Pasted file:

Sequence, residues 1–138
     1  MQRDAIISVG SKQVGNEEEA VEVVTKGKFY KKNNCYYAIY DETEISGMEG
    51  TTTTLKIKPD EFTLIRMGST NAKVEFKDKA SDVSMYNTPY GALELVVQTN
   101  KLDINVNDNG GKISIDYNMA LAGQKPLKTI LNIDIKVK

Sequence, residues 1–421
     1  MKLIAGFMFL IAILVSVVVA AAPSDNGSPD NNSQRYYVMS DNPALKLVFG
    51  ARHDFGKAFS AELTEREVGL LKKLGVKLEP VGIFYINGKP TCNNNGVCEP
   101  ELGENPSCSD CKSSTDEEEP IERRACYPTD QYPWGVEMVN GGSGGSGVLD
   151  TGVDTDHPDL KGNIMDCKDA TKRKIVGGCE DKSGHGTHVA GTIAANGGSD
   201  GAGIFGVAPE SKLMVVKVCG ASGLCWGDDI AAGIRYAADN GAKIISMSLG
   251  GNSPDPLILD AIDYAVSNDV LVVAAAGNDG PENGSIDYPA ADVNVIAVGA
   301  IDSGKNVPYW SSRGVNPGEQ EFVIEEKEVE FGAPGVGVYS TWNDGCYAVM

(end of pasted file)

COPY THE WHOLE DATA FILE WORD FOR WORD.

Sequence, residues 1–138
     1  MQRDAIISVG SKQVGNEEEA VEVVTKGKFY KKNNCYYAIY DETEISGMEG
    51  TTTTLKIKPD EFTLIRMGST NAKVEFKDKA SDVSMYNTPY GALELVVQTN
   101  KLDINVNDNG GKISIDYNMA LAGQKPLKTI LNIDIKVK

Sequence, residues 1–421
     1  MKLIAGFMFL IAILVSVVVA AAPSDNGSPD NNSQRYYVMS DNPALKLVFG
    51  ARHDFGKAFS AELTEREVGL LKKLGVKLEP VGIFYINGKP TCNNNGVCEP
   101  ELGENPSCSD CKSSTDEEEP IERRACYPTD QYPWGVEMVN GGSGGSGVLD
   151  TGVDTDHPDL KGNIMDCKDA TKRKIVGGCE DKSGHGTHVA GTIAANGGSD
   201  GAGIFGVAPE SKLMVVKVCG ASGLCWGDDI AAGIRYAADN GAKIISMSLG
   251  GNSPDPLILD AIDYAVSNDV LVVAAAGNDG PENGSIDYPA ADVNVIAVGA
   301  IDSGKNVPYW SSRGVNPGEQ EFVIEEKEVE FGAPGVGVYS TWNDGCYAVM